Calcifying marine invertebrates with complex life cycles are particularly at risk to climate changes as they undergo an abrupt ontogenetic shift during larval metamorphosis. Although our understanding of the larval response to climate changes is rapidly advancing, the proteome plasticity involved in a compensatory response to climate change is still unknown. In this study, we investigated the proteomic response of metamorphosing larvae of the tubeworm Hydroides elegans, challenged with two climate change stressors, ocean acidification (OA; pH 7.6) and hypoxia (HYP; 2.8 mg O2 l−1), and with both combined. Using a two-dimensional gel electrophoresis (2-DE)-based approach coupled with mass spectrometry, we found that climate change stressors did not affect metamorphosis except under OA, but altered the larval proteome and phosphorylation status. Metabolism and various stress and calcification-related proteins were downregulated in response to OA. In OA and HYP combined, HYP restored the expression of the calcification-related proteins to the control levels. We speculate that mild HYP stress could compensate for the negative effects of OA. This study also discusses the potential functions of selected proteins that might play important roles in larval acclimation and adaption to climate change.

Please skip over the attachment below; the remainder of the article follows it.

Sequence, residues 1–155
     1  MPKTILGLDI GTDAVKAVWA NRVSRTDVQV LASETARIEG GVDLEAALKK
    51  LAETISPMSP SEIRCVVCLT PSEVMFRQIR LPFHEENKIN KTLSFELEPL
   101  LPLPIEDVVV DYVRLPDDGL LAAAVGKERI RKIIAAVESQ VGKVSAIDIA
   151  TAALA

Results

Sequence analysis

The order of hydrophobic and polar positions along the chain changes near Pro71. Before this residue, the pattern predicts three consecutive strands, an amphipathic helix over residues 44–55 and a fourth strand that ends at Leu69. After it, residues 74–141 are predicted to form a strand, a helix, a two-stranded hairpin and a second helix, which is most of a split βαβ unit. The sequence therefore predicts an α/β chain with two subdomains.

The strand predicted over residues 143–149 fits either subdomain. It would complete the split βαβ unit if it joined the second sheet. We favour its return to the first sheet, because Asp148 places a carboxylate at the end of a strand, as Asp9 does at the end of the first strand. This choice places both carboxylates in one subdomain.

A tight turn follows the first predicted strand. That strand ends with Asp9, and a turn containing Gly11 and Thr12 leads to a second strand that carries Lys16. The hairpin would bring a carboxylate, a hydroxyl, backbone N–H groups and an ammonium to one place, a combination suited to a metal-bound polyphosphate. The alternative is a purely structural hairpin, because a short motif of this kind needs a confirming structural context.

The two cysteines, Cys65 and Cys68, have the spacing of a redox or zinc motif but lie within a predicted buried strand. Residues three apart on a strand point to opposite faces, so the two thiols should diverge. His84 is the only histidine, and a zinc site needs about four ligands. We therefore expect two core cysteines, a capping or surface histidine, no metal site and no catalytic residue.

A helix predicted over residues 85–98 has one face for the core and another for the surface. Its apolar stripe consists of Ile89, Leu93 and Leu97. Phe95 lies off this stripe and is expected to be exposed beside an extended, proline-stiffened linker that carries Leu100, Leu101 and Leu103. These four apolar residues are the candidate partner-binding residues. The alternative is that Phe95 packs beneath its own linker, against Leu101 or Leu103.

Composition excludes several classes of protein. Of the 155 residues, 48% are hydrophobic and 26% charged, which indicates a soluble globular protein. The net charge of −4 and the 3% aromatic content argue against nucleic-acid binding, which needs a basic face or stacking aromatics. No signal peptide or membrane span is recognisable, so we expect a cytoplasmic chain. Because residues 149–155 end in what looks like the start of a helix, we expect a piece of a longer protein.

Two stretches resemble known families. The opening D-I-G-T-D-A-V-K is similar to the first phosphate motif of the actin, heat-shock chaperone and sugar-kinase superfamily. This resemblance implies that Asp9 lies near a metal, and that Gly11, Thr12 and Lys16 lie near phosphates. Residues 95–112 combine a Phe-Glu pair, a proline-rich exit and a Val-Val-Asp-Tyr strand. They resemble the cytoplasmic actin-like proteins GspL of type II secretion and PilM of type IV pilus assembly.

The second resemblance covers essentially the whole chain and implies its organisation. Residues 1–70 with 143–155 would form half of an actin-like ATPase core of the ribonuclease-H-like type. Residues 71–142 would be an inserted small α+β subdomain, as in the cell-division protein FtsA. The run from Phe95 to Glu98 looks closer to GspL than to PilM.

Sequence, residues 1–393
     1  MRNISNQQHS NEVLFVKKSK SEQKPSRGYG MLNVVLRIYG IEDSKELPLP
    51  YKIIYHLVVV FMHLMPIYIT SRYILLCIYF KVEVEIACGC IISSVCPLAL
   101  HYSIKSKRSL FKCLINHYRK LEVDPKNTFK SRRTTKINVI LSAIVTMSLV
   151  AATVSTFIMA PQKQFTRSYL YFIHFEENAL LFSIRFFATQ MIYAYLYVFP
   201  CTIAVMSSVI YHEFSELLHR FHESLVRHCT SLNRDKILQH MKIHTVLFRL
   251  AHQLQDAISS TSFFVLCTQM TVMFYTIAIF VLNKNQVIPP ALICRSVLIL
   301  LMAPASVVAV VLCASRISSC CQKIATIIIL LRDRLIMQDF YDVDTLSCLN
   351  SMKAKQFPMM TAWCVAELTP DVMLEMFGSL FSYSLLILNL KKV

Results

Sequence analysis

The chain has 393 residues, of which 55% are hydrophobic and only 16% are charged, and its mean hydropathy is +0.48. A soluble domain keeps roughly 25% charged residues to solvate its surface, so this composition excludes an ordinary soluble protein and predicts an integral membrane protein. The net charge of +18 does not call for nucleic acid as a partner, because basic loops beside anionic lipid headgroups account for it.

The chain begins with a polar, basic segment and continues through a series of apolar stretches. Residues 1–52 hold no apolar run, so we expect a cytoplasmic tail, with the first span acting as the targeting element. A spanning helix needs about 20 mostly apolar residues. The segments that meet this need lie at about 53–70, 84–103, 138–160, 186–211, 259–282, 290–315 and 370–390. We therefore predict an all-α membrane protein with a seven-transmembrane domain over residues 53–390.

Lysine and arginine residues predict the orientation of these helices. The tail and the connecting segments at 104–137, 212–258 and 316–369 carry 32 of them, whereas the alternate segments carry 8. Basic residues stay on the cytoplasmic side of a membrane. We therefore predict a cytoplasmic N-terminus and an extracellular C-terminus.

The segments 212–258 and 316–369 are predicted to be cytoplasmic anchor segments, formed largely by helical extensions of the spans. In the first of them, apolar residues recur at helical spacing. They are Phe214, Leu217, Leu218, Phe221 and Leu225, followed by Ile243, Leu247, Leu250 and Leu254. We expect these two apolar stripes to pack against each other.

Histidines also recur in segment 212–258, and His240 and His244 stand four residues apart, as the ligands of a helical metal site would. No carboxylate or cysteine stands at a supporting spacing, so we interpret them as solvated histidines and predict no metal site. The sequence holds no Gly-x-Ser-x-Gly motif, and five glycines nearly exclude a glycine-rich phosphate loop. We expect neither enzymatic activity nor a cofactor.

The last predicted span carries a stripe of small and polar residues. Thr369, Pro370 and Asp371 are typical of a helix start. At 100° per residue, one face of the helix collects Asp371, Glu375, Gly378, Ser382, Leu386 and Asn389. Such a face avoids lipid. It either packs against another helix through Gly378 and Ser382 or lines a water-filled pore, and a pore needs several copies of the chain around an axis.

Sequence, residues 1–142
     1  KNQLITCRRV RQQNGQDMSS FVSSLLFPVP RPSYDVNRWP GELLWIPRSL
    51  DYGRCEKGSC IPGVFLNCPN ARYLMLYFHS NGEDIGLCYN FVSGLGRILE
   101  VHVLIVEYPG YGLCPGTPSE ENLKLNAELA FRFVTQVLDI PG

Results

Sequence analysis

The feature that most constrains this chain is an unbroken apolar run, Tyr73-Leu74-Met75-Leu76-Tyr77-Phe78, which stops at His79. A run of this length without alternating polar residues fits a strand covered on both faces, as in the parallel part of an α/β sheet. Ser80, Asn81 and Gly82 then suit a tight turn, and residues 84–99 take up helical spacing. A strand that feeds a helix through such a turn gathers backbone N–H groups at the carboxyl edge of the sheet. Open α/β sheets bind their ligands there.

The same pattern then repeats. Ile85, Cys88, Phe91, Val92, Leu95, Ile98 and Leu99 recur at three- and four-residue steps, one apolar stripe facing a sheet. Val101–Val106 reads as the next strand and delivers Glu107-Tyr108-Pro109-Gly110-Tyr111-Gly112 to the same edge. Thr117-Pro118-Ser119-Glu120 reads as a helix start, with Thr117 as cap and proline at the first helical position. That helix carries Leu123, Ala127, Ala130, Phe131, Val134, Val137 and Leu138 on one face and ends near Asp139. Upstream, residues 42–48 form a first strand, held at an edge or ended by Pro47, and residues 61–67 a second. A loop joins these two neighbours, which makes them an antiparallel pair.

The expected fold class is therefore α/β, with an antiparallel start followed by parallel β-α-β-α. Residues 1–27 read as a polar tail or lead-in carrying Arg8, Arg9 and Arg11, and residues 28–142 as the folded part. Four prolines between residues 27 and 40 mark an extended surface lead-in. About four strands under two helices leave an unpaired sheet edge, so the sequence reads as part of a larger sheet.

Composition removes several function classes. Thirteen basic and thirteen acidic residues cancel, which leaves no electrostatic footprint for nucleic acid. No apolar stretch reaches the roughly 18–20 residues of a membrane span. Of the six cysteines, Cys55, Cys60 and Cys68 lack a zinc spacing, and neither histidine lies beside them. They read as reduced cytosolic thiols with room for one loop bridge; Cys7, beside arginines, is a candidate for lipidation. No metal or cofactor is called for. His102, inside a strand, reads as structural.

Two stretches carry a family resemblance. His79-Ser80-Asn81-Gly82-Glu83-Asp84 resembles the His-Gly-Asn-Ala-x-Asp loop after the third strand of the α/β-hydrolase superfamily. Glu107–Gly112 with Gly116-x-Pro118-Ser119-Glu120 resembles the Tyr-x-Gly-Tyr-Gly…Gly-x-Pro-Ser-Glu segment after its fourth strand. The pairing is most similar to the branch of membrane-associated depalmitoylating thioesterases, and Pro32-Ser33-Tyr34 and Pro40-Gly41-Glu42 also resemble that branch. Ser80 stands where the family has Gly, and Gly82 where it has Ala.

The majority of marine invertebrates, including biofouling species such as barnacles and tubeworms, have complex life cycles that include an intricately controlled metamorphic process involving the transformation from swimming (planktonic) larvae to sessile (attached or benthic) adults in a few minutes (Hadfield, 2000; Qian, 1999). This transformation is one of the most challenging processes in the life history of an organism, requiring the simultaneous performance of multiple tasks. The tasks involve choosing a new habitat to settle on, switching the molecular machinery to adapt to sessile life, and building a protective calcareous shell or tube by controlled calcification (Thiyagarajan, 2010). In recent years, rapid developments in environmental molecular biology and chemical ecology have shed light on some key questions: how do larvae choose where to settle (Huang et al., 2012); what triggers the transformation from planktonic to benthic life (Dreanno et al., 2006); and what genes are involved in such transformations (Hayward et al., 2011)? Despite the rapid increase in proteomics studies on non-model (where the genome has not been completely sequenced) species (Diz and Skibinski, 2007; McDonagh and Sheehan, 2006; Nunn and Timperman, 2007; Tomanek, 2006; Tomanek, 2011), proteins and their post-translational modifications (PTMs) involved in larval metamorphosis and calcification are still largely unknown (Chandramouli et al., 2011).